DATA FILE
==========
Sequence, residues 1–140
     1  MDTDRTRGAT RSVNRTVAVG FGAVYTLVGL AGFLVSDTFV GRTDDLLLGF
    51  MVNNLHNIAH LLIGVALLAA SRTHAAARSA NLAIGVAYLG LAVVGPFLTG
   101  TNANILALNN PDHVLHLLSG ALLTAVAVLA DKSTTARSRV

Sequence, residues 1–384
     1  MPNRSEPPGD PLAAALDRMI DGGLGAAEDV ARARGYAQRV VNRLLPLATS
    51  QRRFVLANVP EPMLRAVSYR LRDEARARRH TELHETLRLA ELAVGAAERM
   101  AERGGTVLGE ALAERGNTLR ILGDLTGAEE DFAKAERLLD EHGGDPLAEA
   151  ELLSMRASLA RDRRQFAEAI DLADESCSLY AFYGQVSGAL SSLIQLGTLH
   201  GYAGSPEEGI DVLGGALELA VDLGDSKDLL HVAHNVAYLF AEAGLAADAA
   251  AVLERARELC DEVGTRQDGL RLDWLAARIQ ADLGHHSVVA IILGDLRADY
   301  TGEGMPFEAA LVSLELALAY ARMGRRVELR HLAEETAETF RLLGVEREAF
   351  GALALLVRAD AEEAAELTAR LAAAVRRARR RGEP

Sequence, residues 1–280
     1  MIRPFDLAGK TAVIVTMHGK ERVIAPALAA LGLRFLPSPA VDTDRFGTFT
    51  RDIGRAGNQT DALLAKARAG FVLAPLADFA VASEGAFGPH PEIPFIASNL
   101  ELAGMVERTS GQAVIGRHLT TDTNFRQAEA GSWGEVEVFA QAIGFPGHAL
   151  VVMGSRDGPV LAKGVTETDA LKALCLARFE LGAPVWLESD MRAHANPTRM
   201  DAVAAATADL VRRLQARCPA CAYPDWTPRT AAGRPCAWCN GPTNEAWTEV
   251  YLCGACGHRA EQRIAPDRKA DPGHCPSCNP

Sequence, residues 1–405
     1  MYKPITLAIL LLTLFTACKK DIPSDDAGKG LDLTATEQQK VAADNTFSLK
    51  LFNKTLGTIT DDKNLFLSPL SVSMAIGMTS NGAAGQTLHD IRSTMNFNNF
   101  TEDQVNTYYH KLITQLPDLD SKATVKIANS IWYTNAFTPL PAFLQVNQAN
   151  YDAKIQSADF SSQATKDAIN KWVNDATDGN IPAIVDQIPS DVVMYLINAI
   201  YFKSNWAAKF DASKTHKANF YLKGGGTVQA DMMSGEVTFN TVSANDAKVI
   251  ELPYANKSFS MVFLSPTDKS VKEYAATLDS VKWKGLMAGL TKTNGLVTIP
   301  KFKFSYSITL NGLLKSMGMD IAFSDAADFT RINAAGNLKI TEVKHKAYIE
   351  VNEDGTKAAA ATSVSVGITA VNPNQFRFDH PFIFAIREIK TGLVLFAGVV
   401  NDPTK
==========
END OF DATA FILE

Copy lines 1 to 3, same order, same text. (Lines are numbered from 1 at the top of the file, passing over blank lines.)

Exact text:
Sequence, residues 1–140
     1  MDTDRTRGAT RSVNRTVAVG FGAVYTLVGL AGFLVSDTFV GRTDDLLLGF
    51  MVNNLHNIAH LLIGVALLAA SRTHAAARSA NLAIGVAYLG LAVVGPFLTG